• Options for backup, archiving, copying between databases, merging databases and so on
  • It has a feature called ranking (more of which later)
  • Some really nice (albeit sometimes really expensive) plugins for everything from tone curves to sharpening
  • Lots of free plugins that enable to Aperture to publish any selection of photos to anything and everything ranging from Getty Images all the way down to Facebook (yes, Facebook)
  • It automatically links into Mobile Me to create albums (in turn those Albums can be published to a web page using iWeb)

So, with all these apparent advantages in mind, lets take a look at the actual workflow itself:

Step 1: Ranking

Ranking is the most important part of the process!

  1. Transfer all the photos to the MyPhotos directory on my Lacie “Eye of Sauron” 1TB external disk. This is the directory I will back up to ensure I always have access to photos outside of the database.
  2. Import them into Aperture and Aperture project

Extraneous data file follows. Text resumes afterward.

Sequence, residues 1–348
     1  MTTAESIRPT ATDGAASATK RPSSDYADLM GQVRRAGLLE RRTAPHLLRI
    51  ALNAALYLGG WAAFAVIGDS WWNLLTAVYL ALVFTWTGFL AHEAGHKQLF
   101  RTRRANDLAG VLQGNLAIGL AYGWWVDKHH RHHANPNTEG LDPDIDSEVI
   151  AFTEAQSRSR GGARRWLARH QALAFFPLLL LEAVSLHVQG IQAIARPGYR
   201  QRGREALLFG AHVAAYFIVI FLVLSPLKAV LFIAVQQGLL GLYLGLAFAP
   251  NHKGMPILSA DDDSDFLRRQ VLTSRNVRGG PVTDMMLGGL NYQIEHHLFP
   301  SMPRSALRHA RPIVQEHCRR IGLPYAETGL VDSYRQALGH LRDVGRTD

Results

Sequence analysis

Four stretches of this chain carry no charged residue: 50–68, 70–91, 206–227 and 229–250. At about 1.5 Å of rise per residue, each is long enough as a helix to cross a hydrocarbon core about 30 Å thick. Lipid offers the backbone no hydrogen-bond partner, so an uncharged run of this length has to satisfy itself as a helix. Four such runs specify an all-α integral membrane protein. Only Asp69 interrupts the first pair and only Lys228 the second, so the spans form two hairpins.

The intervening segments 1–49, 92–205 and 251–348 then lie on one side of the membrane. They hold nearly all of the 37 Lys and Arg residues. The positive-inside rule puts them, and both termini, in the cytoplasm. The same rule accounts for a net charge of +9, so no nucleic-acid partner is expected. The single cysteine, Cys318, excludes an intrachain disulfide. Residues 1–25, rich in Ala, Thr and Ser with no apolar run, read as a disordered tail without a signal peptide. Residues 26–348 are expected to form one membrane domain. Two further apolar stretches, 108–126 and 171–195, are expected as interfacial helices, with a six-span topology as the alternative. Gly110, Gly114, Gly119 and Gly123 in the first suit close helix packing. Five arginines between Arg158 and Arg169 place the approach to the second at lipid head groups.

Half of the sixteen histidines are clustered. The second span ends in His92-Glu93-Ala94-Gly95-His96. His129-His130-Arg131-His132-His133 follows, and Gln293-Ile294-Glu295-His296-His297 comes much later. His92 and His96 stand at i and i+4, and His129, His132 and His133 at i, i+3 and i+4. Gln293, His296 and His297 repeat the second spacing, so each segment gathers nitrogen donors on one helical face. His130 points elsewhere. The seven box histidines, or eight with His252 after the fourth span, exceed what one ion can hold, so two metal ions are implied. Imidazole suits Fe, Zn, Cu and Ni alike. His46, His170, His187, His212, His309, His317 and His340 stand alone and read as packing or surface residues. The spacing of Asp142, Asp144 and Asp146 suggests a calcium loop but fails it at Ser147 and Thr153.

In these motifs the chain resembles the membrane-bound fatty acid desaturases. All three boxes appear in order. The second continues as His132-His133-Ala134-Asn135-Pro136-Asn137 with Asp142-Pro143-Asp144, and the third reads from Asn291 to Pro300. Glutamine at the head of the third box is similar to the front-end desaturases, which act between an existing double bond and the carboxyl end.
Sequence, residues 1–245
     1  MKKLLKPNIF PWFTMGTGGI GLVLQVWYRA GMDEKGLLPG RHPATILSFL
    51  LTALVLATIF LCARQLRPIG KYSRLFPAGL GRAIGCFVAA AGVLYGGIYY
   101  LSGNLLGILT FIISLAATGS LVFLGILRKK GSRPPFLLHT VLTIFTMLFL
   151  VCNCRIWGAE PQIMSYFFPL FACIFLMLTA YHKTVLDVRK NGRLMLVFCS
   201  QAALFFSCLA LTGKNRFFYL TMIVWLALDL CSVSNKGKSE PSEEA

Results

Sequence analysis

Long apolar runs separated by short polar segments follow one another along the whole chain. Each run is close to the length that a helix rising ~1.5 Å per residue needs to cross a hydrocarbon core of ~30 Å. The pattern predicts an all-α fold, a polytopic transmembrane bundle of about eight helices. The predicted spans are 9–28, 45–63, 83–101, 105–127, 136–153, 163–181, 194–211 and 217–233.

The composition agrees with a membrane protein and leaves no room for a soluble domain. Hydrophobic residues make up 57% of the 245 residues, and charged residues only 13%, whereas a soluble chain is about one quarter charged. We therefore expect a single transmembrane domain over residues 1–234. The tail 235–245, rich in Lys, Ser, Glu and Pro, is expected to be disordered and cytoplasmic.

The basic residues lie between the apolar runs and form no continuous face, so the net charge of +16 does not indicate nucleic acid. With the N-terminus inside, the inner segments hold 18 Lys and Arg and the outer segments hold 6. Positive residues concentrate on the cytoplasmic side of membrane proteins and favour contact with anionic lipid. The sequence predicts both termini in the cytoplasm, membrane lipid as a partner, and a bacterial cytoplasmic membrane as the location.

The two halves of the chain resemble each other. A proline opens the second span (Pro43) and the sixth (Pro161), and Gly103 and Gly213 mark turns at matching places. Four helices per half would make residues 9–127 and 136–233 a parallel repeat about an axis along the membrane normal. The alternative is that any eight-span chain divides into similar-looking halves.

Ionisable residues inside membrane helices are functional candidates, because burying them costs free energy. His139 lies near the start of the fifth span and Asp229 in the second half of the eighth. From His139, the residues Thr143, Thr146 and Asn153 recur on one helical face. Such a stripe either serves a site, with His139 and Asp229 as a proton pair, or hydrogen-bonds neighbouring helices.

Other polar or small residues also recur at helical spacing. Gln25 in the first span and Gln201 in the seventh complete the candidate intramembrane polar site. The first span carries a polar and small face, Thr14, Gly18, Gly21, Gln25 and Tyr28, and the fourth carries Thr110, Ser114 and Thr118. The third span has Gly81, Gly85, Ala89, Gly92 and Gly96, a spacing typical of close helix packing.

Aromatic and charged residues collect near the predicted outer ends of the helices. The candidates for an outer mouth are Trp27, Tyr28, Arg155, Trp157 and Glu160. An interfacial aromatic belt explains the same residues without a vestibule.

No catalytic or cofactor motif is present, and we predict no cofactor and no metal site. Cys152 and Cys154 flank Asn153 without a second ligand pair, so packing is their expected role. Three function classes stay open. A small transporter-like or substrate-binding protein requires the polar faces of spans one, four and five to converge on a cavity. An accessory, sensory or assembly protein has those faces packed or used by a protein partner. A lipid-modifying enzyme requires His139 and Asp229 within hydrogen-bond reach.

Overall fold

3. Go through each picture and rank to the following rules:
  • Firstly, nothing complex; everything is ranked or not and all ranked photos are equal
  • If the photo is a keeper and is near as dammit perfect out of the camera, I create a new version from the Master JPEG in the project and give the JPEG a ranking of three stars
  • If the photo is a keeper but could do with the extra latitude that raw gives me, I give it four stars
  • If the photo is a keeper and is near as dammit perfect out of the camera but requires cropping or straightening, I create a new version from the Master JPEG and give it five stars

Step 2: Processing Ranked Selections

  1. Filter on five stars
  2. For each five star photos, crop, straighten or both and then set rank to three stars
  3. Filter on four stars
  4. For each four star photo, perform raw and none raw edits (including cropping and straightening if necessary) and set to two stars
  5. Filter on three stars
  6. Select all those three star photos I want to apply my standard adjustments to (contrast +6, definition +30, saturation +0.6, vibrancy +15 and a little sharpening) and apply my adjustments to all at once.
  7. Quick scan for any that need a shadow, highlight or levels adjustment and perform this.
  8. Fliter on two stars or above
  9. Select to export (I have Flickr and Smugmug plugins set up plus I usually create a Mobile Me gallery)
  10. And that’s all there really is to it. There are other things I’ve not looked at yet. I must sort out my backup strategy.